My name is Tim Raposa and I am the new Director of Public Relations for the California Part-Time Faculty Association.

CPFA has sent this press release to the media in response to the recent controversy involving part-time community college instructor Jaye Brown and Shasta College.

We think that this situation highlights the importance of establishing procedures for due process and rehire rights for part-time instructors in the state of California and that this rectification will improve the consistency of quality education for community college students.

We hope you share our concern that student success depends a great deal on cultivating relationships with educators like Jaye Brown, who have over twelve years of teaching and curriculum experience, instead of allowing the system to continue as it is, enabling administrations to act with impunity in hastily kicking to the curb good teachers based on the subjective experience of just one student.

Feel free to contact me regarding this issue or any other part-time issue. I look forward to working with you in our shared goal to improve the quality of higher education in the state of California.

Tim Raposa

Press Release ~ For Immediate Release (12/10/10) ~ Printable Copy

Last week, Jaye Brown, a community college instructor of American Sign Language at Shasta College was told that she would not get a teaching assignment next semester because a student complained that some of her signs were offensive. In response, over 200 students signed a petition to get her contract reinstated. Brown, who became deaf in childhood, has taught ASL for over 12 and half years and has contributed to the ASL curriculum adopted by the district.

This is not the first time due process, a fundamental component of human rights protected by international law as well as the U.S. Constitution and Bill of Rights, has been basically denied to community college temporary instructors. In fact, under the California Education Code, community college part-time instructors have never had the right to due process.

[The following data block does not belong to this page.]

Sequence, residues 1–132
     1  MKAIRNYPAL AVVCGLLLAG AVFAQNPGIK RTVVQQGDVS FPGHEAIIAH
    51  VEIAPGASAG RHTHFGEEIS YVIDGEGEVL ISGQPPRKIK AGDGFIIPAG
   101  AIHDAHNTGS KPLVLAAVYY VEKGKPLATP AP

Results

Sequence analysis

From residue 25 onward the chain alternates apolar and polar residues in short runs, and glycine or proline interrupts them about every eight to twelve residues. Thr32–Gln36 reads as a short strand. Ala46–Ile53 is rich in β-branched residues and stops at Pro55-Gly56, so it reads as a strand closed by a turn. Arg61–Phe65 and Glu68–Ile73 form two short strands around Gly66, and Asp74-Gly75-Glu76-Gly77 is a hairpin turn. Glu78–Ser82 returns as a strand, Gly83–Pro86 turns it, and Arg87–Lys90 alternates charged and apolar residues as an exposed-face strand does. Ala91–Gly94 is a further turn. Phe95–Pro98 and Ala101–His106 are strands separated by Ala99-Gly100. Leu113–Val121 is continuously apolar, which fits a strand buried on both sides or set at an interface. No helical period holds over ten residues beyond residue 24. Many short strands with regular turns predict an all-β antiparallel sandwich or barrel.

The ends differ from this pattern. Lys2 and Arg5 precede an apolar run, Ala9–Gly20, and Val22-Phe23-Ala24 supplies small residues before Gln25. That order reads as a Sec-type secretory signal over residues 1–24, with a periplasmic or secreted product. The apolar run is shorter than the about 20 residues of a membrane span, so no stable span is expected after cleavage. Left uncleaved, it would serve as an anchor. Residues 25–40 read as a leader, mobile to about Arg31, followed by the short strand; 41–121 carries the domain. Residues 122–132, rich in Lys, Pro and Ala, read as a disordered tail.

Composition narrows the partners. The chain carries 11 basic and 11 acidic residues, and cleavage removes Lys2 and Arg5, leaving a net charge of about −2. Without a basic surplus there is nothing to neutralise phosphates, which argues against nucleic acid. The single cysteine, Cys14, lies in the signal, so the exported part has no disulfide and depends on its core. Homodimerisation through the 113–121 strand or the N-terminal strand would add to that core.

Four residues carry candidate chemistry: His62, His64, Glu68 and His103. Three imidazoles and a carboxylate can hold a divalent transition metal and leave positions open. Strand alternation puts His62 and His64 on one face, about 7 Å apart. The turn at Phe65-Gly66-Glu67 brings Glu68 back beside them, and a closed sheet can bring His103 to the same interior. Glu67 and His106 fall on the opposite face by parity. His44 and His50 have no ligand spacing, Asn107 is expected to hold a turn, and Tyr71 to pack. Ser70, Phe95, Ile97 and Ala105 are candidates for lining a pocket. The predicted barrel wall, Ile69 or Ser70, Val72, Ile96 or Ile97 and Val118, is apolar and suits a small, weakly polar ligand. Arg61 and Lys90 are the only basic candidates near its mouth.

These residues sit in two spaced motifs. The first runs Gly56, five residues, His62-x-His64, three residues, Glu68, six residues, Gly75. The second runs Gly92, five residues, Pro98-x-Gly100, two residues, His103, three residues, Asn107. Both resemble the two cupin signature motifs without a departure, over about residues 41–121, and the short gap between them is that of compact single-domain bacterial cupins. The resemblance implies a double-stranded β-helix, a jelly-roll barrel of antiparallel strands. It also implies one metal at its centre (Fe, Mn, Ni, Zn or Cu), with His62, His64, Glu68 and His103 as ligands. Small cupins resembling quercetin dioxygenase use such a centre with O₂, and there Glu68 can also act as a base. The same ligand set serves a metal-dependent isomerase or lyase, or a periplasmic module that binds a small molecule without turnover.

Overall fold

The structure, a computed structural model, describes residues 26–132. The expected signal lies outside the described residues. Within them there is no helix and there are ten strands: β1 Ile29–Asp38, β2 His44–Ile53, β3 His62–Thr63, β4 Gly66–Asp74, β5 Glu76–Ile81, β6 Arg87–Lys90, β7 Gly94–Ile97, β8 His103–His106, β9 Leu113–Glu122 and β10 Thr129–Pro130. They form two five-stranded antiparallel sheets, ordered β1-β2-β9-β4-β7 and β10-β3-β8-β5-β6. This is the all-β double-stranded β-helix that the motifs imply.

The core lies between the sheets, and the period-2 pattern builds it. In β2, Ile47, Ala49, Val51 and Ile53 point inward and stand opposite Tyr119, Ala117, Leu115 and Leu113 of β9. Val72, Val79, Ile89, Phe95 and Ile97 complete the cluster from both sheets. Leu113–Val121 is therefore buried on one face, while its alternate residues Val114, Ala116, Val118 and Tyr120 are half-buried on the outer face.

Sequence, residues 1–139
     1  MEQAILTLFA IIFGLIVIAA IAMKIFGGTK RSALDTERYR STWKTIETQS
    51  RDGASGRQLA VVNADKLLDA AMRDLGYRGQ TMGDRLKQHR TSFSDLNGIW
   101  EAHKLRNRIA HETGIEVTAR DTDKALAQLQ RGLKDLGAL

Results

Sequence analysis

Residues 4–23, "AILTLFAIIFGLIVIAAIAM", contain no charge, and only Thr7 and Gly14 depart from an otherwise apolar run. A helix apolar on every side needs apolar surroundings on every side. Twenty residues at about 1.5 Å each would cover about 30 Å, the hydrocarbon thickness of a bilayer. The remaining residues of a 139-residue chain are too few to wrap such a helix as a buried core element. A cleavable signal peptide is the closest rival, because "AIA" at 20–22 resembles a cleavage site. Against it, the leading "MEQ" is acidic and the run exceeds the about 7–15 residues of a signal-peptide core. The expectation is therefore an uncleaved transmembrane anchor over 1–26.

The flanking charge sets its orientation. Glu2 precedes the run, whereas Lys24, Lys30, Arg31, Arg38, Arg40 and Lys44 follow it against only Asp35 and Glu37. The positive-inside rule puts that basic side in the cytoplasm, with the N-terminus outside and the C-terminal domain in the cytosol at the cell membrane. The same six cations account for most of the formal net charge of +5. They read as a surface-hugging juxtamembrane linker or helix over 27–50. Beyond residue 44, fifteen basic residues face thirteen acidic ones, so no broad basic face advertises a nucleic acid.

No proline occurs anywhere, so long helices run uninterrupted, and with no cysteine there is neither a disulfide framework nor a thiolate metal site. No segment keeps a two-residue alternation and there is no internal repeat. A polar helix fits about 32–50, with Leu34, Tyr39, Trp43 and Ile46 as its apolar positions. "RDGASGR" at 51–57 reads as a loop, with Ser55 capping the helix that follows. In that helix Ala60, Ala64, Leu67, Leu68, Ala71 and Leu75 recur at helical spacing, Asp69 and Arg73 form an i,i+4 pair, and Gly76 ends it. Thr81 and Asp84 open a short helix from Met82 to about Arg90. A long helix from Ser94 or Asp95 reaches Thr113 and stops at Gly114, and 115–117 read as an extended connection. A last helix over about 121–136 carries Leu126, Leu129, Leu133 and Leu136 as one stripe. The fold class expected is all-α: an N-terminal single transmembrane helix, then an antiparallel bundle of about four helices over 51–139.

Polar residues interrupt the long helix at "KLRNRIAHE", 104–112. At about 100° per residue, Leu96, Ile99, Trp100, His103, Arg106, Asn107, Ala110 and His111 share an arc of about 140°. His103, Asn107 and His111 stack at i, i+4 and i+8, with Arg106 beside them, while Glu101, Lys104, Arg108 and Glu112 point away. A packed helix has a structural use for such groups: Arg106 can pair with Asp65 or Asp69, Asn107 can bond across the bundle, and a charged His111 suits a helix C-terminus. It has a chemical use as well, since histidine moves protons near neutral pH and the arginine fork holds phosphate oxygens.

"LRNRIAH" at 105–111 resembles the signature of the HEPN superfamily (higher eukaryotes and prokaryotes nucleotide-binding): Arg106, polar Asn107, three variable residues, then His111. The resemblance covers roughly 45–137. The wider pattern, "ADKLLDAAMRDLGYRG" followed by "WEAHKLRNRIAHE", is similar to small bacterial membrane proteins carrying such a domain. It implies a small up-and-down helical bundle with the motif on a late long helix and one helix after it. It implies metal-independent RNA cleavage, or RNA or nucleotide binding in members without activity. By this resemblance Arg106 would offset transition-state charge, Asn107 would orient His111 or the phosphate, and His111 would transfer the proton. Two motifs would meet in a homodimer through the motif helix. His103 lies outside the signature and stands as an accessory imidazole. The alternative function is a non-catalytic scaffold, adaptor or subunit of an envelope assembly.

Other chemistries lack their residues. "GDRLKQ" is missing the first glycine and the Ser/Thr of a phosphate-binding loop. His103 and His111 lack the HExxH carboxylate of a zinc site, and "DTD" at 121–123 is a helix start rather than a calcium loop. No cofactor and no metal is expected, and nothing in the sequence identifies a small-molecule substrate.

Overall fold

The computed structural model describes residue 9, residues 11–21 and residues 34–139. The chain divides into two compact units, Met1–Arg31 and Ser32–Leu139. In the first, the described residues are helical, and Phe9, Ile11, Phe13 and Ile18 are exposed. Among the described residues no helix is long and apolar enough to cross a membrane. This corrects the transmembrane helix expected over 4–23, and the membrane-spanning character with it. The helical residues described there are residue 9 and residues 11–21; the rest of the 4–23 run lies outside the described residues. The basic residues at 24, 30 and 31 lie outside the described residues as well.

Jaye Brown is one of forty thousand part-time community college instructors in California who are employed without due process. In general, community college administrators can decide, without giving a reason, to withhold a teaching assignment to any part-time instructor, even if that instructor has excellent evaluations and has been teaching for years. When asked in an interview with KNVN news reporter Elizabeth Gadley why Shasta College did this to Brown, Morris Rodrigue, Dean of Science, Language Arts, and Mathematics, revealed the impunity that community college administrations continue to enjoy: “…it’s just an option for us to not renew a contract.”

Rodrigue has announced that he will forward the petition to the college president. Yet, if Brown were given the right of due process, the misunderstanding between her and her student would be a classical example of a cross-cultural miscue between deaf and hearing cultures. Due process would give opportunities for both teacher and student to reach a greater understanding of what took place and could inform future interactions between other people of different cultures. Denying due process to part-time educators extinguishes teachable moments like this one and grants too much power to the subjective experiences of just one student over the entire educational process.

For more information on the plight of part-time community college instructors in the state of California go to For information on Shasta College and Jaye Brown go to KNVN Channel 24

Tim S. Raposa
Director of Public Relations, CPFA

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